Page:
All-Purpose Writing Thread!


I’ve had a couple of bookbubs. My last one resulted in about 1K sales. The first one got me something like 600 but the drop off after the bookbub, with the book back up to full price, more than paid for the ad.

Bookbub is becoming very hard to get approved for. So many publishers are using the service now the bookbub guys seem to cater to them more and more.



That looks great Gordon! Hope you gain readers. What’s the title a reference to? (Probably something obvious).


Thank you Tim! My 1st one got turned down, but I’ll keep trying.

I appreciate your support in this group, btw. I wouldn’t even know about BB if I hadn’t started to lurk on the Kindle forum and listen to the podcasts you suggested I check out. It’s THE go to marketing strategy. But I’ve also heard what you’re saying about BB embracing mainstream publishing, too.


Pretty sure it’s a reference to the LOAD command:


Arrendek is correct.

[quote=“tylertoo, post:882, topic:65387”]
That looks great Gordon! Hope you gain readers.[/quote]

Thanks! The ‘screenshot of the day’ is really just a device to make myself post something each day. I’ll put up some other types of pieces too. And it’s not meant to be exclusively retro; just where my head is at these days. :P


Another sale to announce. My mythical SF flash story Down Stepped Proud Galatea With a Sigh (based on the mysteriously deleted final stanza of the poem Pygmalion to Galatea by Robert Graves) will be coming out in the first issue of the new magazine Spirits’ Tincture at the end of August. Got paid the princely sum of $10, but hey, someone might possibly read it when it’s published :)


A sale is a sale!


That’s awesome, Miramon!


Congrats on your continued success.


I wish I knew of this final deleted stanza (he says, looking at his Collected Poems of Robert Graves that he received as a gift over 30 years ago and never read), but now that you bring it up I’d like to read your story. Congrats! If a link becomes available, please post!



The stanza may perhaps be in editions published after Graves’ death, and you can look it up on wikipedia too. No idea at this point how or why I tripped over it. I thought the main part of the poem was rather dull, but the last stanza had some fun lines and was also interestingly ambiguous about what they might mean. Maybe Graves deleted it because it was too good compared to the rest of the poem :)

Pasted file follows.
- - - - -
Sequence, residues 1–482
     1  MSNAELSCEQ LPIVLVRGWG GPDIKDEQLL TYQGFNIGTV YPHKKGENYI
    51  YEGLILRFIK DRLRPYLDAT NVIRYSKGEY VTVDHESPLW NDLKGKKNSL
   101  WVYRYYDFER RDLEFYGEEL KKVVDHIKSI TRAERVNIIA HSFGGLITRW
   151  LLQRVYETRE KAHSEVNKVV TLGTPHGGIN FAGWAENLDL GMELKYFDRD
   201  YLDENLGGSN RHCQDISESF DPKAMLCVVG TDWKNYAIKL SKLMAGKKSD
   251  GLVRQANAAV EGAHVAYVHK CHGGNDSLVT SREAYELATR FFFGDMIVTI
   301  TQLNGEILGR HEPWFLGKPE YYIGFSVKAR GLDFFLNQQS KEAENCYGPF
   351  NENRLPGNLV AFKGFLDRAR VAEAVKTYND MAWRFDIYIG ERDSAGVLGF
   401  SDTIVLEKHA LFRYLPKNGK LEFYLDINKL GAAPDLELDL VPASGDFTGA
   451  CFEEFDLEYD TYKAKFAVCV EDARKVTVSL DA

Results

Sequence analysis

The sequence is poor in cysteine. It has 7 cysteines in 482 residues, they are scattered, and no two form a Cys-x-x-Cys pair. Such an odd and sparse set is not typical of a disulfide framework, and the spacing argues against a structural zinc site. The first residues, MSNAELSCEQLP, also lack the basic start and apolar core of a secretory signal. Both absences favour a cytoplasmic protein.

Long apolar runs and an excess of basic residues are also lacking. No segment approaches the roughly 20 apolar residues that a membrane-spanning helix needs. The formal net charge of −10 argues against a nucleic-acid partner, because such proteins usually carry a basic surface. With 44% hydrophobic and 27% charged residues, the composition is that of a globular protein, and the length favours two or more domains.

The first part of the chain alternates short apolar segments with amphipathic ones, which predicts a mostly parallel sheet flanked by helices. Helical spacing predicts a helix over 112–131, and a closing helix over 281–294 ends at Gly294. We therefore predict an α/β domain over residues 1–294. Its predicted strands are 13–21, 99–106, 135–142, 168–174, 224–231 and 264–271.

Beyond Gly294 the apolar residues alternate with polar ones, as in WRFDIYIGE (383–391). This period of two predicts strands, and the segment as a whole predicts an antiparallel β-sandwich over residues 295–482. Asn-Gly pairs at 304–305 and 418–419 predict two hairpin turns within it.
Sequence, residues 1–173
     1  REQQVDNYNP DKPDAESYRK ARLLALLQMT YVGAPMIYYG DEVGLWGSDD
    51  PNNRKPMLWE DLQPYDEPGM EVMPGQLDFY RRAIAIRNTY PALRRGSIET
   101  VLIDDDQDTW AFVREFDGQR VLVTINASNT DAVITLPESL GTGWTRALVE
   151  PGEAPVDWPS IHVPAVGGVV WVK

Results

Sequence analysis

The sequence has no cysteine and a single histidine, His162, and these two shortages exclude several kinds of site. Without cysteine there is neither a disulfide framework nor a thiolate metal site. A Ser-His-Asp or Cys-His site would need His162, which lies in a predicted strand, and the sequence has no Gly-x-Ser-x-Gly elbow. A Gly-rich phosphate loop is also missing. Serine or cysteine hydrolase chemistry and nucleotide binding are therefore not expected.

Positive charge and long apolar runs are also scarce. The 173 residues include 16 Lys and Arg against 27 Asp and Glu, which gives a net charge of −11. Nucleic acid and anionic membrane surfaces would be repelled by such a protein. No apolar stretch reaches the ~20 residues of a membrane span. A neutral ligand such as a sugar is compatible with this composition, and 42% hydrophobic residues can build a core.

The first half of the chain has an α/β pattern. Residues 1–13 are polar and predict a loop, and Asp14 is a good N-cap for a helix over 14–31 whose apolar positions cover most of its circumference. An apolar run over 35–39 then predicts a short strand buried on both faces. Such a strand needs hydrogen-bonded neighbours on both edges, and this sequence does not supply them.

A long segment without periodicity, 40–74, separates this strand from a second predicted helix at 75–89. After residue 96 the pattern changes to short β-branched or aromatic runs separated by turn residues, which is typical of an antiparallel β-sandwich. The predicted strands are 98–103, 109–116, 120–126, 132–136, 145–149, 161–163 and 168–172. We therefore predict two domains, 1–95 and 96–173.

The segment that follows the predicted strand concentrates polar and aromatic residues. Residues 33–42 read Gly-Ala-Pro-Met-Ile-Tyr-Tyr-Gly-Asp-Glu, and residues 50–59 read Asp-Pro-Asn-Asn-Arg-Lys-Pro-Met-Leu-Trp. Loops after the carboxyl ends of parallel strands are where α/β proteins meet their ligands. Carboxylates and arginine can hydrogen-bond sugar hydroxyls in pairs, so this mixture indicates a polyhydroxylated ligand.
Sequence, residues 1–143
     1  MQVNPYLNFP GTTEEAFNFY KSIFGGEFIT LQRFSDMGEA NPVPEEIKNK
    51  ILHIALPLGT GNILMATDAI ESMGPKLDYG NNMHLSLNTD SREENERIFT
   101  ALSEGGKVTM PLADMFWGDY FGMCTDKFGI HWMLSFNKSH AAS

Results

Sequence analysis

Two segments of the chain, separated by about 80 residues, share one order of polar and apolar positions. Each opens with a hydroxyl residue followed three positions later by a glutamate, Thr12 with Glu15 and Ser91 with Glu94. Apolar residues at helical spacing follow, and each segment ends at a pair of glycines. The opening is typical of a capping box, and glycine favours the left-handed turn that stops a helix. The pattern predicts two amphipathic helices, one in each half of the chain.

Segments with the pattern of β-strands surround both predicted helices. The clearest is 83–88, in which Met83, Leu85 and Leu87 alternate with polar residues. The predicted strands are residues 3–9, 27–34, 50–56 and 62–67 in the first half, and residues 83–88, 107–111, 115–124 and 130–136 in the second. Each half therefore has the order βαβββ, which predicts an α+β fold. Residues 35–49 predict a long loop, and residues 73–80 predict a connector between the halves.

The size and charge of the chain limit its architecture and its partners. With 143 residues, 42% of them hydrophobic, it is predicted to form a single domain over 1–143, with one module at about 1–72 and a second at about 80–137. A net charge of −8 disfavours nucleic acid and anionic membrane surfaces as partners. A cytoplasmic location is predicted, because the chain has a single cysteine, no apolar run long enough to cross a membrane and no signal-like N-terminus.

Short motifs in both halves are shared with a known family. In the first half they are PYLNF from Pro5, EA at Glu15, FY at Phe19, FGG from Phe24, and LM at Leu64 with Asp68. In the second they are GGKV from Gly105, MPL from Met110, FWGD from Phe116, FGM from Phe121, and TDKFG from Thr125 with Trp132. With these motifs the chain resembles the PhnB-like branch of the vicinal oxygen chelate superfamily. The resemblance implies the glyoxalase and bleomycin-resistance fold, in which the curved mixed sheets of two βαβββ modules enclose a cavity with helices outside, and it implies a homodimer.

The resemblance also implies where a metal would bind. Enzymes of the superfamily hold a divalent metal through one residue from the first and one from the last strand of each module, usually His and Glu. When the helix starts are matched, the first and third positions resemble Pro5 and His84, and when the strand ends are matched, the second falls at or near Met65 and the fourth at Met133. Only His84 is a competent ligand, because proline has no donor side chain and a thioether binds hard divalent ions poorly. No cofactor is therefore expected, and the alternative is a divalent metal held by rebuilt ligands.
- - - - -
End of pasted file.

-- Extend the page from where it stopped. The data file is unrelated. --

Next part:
Anyway I will certainly link the story when it comes out in a month or so.


Flashbacks! Do you use them?

I have always taken for granted that flashbacks were a fundamental part of stories, but this afternoon I spoke with a colleague (who has been published numerous times, reviewed in the local paper, and has completed an MFA) and he told me he tries to never use flashbacks. He said the guy who ran the writing program he attended considered it a failed project if the story contained a flashback. His teacher called flashbacks, “dropping the ball” as in, “I stopped reading here (points to flashback), where you dropped the ball.”

Hahaha, I never heard of this before, so I wanted to ask other writers, to see if it’s something most writers strive for, or if this has just been a blind for me, after all these years.

Me? I do it all the time. I didn’t even realize it was considered bad form, if it truly is. I’m not particularly well read, but I’ve read enough. I know I’ve seen a lot of flashbacks. I have been out of school for a while now, so it’s hard to remember if the classics have flashbacks. Maybe it’s only for mainstream books? I read mostly memoir or nonfiction, so it’s hard for me to say. The more I think about it, the more I realize flashbacks are probably from the movies. If I write fiction, I tend to think of my story in movie terms, even if I don’t write it as a script. By that I mean, I just see the story playing out in my head and sometimes it has flashbacks.